Periglacial preconditioning of debris flows in the Southern Alps, New Zealand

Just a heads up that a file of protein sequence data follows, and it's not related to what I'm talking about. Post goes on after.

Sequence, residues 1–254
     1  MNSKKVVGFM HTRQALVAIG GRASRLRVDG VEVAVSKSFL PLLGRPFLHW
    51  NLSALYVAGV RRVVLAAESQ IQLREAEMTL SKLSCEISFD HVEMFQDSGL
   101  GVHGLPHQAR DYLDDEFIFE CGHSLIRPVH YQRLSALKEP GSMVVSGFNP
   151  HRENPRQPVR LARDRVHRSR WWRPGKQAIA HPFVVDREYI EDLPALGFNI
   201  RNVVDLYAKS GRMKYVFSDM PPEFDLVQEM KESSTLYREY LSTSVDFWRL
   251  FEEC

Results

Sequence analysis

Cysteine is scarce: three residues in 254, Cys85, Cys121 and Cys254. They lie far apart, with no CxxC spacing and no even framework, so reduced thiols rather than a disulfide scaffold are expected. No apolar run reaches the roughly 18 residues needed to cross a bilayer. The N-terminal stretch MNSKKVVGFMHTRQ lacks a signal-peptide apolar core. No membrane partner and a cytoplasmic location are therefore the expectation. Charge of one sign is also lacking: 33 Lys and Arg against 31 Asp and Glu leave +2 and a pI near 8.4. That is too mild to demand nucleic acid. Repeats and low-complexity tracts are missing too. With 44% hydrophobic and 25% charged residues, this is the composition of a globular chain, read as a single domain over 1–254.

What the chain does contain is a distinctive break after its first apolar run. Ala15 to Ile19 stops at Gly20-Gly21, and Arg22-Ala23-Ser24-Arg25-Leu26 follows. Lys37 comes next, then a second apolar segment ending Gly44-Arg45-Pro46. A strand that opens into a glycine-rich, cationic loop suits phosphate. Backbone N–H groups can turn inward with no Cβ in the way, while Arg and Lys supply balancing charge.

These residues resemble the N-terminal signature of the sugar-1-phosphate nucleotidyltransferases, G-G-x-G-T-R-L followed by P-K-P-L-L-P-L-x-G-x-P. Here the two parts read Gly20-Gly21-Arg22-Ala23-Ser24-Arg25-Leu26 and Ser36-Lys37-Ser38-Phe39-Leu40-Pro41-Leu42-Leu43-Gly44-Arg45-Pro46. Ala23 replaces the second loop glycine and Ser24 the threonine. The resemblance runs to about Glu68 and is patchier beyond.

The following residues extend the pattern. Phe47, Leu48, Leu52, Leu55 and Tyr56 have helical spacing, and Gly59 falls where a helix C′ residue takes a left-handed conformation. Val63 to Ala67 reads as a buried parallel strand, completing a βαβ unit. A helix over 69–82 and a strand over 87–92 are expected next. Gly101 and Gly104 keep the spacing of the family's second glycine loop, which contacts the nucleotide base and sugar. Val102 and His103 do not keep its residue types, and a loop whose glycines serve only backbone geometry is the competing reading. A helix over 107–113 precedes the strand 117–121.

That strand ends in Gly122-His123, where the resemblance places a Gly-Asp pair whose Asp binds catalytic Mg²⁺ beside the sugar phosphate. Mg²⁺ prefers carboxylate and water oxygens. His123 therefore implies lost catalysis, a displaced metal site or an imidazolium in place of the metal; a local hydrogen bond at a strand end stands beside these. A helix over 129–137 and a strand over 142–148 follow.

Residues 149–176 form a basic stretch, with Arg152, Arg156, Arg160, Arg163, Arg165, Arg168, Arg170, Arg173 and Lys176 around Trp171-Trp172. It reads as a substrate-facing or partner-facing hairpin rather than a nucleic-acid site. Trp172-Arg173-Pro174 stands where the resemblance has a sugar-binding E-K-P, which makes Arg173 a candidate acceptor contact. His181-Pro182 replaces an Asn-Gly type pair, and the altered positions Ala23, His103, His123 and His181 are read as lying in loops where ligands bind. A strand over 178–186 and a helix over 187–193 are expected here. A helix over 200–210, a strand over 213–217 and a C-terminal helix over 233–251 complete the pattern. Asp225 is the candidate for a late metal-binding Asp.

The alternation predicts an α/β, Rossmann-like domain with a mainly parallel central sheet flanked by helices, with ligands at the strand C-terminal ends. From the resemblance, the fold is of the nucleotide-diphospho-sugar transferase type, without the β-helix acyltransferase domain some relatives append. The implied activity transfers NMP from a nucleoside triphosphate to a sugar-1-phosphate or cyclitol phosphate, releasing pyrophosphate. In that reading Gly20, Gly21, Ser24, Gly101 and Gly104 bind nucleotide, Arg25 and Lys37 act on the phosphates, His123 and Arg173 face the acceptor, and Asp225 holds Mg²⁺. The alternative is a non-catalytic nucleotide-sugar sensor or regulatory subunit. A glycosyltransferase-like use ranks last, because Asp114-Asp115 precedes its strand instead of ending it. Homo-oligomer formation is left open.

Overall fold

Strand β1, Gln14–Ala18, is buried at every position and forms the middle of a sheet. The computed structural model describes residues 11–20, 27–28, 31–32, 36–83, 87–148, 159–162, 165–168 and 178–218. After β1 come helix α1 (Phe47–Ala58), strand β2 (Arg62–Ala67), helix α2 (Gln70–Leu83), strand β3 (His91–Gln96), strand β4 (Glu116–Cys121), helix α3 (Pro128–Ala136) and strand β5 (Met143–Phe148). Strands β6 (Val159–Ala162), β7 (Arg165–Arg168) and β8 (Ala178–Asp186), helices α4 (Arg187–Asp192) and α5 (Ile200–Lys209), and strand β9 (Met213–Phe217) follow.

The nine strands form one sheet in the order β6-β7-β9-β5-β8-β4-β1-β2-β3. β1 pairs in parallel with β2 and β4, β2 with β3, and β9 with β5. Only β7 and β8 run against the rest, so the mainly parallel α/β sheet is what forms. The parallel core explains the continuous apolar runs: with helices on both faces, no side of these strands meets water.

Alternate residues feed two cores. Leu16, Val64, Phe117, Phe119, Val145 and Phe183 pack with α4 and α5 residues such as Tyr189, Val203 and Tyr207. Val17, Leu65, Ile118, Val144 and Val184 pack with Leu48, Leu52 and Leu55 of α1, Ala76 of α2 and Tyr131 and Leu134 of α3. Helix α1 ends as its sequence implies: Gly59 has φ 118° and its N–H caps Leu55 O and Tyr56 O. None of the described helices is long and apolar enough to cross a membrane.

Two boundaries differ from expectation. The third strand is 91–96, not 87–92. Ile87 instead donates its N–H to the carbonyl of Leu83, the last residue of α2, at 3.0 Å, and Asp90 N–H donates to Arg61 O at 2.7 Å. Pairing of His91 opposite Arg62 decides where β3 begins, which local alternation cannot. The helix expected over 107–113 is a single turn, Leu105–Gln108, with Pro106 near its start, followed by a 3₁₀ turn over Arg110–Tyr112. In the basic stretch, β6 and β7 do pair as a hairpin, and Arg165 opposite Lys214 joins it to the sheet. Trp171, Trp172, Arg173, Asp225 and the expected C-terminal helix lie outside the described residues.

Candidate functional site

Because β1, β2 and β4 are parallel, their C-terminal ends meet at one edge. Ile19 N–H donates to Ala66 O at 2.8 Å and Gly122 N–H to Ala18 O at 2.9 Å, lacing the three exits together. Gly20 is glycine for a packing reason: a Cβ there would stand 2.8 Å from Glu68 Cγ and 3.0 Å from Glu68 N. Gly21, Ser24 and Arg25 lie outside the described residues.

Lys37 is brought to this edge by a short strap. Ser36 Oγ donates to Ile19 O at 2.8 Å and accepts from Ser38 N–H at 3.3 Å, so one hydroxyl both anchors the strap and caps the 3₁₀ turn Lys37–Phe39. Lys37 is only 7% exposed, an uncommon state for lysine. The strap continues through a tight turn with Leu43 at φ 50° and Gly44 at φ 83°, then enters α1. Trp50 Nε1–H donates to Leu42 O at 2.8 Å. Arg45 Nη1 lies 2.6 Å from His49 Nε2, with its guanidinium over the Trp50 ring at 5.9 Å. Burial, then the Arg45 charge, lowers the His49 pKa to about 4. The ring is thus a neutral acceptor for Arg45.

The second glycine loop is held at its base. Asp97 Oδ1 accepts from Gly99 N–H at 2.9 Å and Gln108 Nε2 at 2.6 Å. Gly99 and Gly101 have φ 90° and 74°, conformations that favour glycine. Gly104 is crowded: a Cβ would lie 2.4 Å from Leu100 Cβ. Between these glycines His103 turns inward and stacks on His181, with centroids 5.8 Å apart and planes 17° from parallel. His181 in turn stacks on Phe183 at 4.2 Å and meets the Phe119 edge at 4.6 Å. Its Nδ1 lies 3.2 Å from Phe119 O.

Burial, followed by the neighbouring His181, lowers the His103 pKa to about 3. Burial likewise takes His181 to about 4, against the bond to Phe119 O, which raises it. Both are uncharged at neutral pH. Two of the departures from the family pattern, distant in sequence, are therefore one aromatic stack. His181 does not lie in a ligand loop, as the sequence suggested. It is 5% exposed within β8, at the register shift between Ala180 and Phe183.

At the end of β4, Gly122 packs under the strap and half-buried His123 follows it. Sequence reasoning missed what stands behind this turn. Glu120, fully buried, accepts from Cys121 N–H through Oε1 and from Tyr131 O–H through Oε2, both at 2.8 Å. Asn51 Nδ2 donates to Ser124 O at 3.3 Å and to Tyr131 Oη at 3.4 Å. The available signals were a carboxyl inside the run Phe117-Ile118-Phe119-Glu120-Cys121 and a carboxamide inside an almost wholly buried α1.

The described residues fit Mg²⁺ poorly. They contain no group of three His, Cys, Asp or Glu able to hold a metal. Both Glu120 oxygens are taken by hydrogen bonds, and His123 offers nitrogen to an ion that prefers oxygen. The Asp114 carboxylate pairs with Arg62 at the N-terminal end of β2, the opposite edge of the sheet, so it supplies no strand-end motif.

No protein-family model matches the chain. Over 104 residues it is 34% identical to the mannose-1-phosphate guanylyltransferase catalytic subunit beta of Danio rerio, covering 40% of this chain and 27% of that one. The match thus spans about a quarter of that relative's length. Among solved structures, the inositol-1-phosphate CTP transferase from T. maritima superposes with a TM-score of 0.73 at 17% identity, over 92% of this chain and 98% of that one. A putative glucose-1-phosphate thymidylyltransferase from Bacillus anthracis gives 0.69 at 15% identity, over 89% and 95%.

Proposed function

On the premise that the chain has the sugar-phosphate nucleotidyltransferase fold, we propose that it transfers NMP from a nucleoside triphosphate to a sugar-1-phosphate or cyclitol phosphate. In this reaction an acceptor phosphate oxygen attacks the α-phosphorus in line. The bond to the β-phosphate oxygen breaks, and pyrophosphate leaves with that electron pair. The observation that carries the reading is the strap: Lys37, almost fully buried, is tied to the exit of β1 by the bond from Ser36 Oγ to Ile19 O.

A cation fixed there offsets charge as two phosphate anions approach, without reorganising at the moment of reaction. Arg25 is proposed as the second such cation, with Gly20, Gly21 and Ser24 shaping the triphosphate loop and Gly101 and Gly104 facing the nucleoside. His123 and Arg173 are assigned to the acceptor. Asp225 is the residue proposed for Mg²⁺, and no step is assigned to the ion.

The lower boundary of alpine permafrost extent is considered to be especially sensitive to climate change. Ice loss within permanently frozen debris and bedrock as a consequence of rising temperature is expected to increase the magnitude and frequency of potentially hazardous mass wasting processes such as debris flows. Previous research in this field has been generally limited by an insufficient understanding of the controls on debris flow formation. A particular area of uncertainty is the role of environmental preconditioning factors in the spatial and temporal distribution of debris flow initiation in high-alpine areas. This thesis aims to contribute by investigating the influence of permafrost and intensive frost weathering on debris flow activity in the New Zealand Southern Alps. By analysing a range of potential factors, this study explores whether debris flow systems subjected to periglacial influence are more active than systems outside of the periglacial domain. A comprehensive debris flow inventory was established for thirteen study areas in the Southern Alps. The inventory comprises 1534 debris flow systems and 404 regolith-supplying contribution areas. Analysis of historical aerial photographs, spanning six decades, identified 240 debris flow events. Frequency ratios and logistic regression models were used to explore the influence of preconditioning factors on the distribution of debris flows as well as their effect on sediment reaccumulation in supply-limited systems. The preconditioning factors considered included slope, aspect, altitude, lithology, Quaternary sediment presence, neo-tectonic uplift rates (as a proxy for bedrock fracturing), permafrost occurrence, and frost-weathering intensity. Topographic and geologic information was available in the form of published datasets or was derived from digital elevation models. The potential extent of contemporary permafrost in the Southern Alps was estimated based on the statistical evaluation of 280 rock glaciers in the Canterbury region. Statistical relationships between permafrost presence, mean annual air temperature, and potential incoming solar radiation were used to calculate the spatially distributed probability of permafrost occurrence. Spatially distributed frost-weathering intensities were estimated by calculating the number of annual freeze-thaw cycles as well as frost-cracking intensities, considering the competing frost-weathering hypotheses of volumetric ice expansion and segregation ice growth. Results suggest that the periglacial influence on debris flow activity is present at high altitudes where intense frost weathering enhances regolith production. Frost-induced debris production appears to be more efficient in sun-avert than sun-facing locations, supporting segregation ice growth as the dominant bedrock-weathering mechanism in alpine environments. No indication was found that permafrost within sediment reservoirs increases slope instability. Similarly, the presence of permanently frozen bedrock within the debris flow contribution areas does not appear to increase regolith production rates and hence debris flow activity. Catchment topography and the availability of unconsolidated Quaternary deposits appeared to be the cardinal non-periglacial controls on debris flow distribution. This thesis contributes towards a better understanding of the controls on debris flow formation by providing empirical evidence in support of the promoting effect of intense frost weathering on debris flow development. It further demonstrates the potential and limitations of debris flow inventories for identifying preconditioning debris flow controls. The informative value of regional-scale datasets was identified as a limitation in this research. Improvement in the spatial parameterisation of potential controls is needed in order to advance understanding of debris flow preconditioning factors.